Earth's climate is changing fast and threatening levels of carbon dioxide (CO2) emissions is one of the primary reason behind it. Interestingly, the atmosphere of Mars—which humanity hopes to colonise—is predominantly CO2. Now, scientists from India have found a unique solution that can not only help solve Earth's problem of unwanted CO2 but also use Mars' atmosphere to our advantage—use CO2 as raw material to produce energy sustainably.

According to a new study by researchers from the Tata Institute of Fundamental Research, Magnesium (Mg) can be utilized to convert CO2 into methane, methanol, and formic acid. In the paper, the authors demonstrated a method of producing the energy-providing substances by making CO2 react with water at room temperature and atmospheric pressure in the presence of Mg. Highlighting the applicability of the novel mechanism on the red planet, the authors wrote, "This Mg-process has the potential to be used in the Mars' environment for fuel production."

Earth from space
Earth from spaceReuters

Bringing CO2 and Mg Together 

CO2 is a trace gas in Earth's atmosphere. It plays a crucial role in the planet's carbon cycle. However, CO2 is also a greenhouse gas—it traps heat within the Earth's atmosphere and heats up the planet. The increasing levels of CO2 emissions can be largely owed to human activities such as the burning of fossil fuels and deforestation. According to the latest report by the National Oceanic and Atmospheric Administration (NOAA), the concentrations of atmospheric CO2 crossed 420 parts per million (PPM) for the first time in recorded history. Therefore, the need to address the rising levels of CO2 is an urgent one. 

Mg is the eight-most abundantly available element in Earth's crust. It is also the fourth most commonly present element on our planet, with iron, oxygen and silicon being the other three. Also, at $1 to $4 per kg, its cost of production is reasonably low. It requires low energy for production and also generates very minimal quantities of CO2 during production. Leveraging these beneficial properties of the metal, the researchers devised a simple chemical process without the use of any external energy to break down CO2.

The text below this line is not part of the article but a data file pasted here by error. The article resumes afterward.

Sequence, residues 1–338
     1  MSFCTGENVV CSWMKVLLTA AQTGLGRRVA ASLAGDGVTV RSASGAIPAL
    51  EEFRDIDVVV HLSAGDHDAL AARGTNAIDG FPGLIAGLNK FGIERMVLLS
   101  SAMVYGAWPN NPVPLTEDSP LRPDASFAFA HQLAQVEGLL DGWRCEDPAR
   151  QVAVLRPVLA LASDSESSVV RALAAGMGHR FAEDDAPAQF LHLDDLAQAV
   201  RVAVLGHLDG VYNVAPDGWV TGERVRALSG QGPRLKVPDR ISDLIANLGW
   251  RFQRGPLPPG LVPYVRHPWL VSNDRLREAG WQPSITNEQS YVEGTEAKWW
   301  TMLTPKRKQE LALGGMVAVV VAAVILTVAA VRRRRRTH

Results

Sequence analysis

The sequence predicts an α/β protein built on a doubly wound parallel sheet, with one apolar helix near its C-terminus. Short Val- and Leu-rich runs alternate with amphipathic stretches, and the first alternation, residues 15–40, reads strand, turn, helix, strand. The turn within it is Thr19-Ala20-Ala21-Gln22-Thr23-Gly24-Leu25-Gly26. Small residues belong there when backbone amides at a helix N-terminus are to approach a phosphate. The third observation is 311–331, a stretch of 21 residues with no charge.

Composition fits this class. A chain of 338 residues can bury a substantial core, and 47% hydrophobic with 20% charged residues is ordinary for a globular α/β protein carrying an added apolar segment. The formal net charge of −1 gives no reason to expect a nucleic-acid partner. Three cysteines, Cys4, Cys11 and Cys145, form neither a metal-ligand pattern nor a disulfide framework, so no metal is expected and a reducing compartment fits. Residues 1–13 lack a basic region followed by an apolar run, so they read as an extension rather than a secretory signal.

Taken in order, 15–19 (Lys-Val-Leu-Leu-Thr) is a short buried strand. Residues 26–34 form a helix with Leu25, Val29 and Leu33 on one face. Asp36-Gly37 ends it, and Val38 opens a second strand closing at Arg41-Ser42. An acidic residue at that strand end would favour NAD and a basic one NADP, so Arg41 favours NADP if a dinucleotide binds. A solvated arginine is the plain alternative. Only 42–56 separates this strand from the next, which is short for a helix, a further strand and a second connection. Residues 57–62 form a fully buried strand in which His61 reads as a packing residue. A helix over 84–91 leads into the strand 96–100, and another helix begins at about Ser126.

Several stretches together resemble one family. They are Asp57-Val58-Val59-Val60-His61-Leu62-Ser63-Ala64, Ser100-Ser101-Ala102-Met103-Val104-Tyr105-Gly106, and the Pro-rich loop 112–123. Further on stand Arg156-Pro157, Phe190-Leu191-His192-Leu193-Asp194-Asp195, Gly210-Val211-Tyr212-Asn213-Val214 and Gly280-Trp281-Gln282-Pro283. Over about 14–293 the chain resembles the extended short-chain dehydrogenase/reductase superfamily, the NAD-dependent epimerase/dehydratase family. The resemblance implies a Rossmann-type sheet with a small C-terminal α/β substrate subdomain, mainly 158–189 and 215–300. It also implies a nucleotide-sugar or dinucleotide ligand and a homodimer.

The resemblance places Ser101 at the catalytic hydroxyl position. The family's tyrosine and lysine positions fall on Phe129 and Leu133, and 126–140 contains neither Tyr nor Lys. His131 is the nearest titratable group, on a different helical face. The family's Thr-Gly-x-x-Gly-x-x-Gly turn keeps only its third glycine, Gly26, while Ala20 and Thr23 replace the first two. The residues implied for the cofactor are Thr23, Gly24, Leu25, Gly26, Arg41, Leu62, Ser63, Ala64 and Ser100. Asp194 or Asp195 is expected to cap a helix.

A Simple Chemical Process

For the study, the researchers used Mg—as both nanoparticles and bulk—in order to make CO2 react directly with water at room temperature and atmospheric pressure. CO2 from the air as well as pure CO2 was used for the experiments. With water serving as a source of hydrogen, the entire production process lasted not more than 15 minutes at 300 K and 1 bar. Also, no external energy was required for the reaction to take place.  

Magnesium (Representational Picture)Wikimedia Commons

The authors explained that the chemical process was possible only due to the cooperative function of Mg, CO2, basic magnesium carbonate (which was produced during the course of the reaction), and water. "If any of the four components was missing, no CO2 conversion took place," stated the authors in the paper.

According to the authors, on the basis of the simple reaction, 1 kg of Mg could potentially yield 2.43 liters of methane, 3.85 kg of basic magnesium carbonate (which is used in pharmaceutical industries), and 940 liters of hydrogen, along with small quantities of formic acid and methanol.

Making Our Own Fuel on Mars 

Mars (Representational Picture)Pixabay

In order to be able to sustain ourselves on Mars, finding a reliable and sustainable source of energy is key. Surprisingly, the red planet consists of all the ingredients that are necessary for the novel process described.

Mars' atmosphere is composed of 95.32 percent of CO2. Water is also available in the form of ice on its surface. Recent reports have stated that Magnesium is present on the planet in abundant quantities. However, the temperature on Mars is much lower than that of Earth. Therefore, the team also conducted their experiment at lower temperatures (−1 C to +1 C).

They found that an Mg-enabled CO2 conversion reaction was possible. "These results indicate the potential of this Mg-process to be used in the Mars' environment, a step towards magnesium utilization on Mars, although more detailed studies are needed," wrote the authors.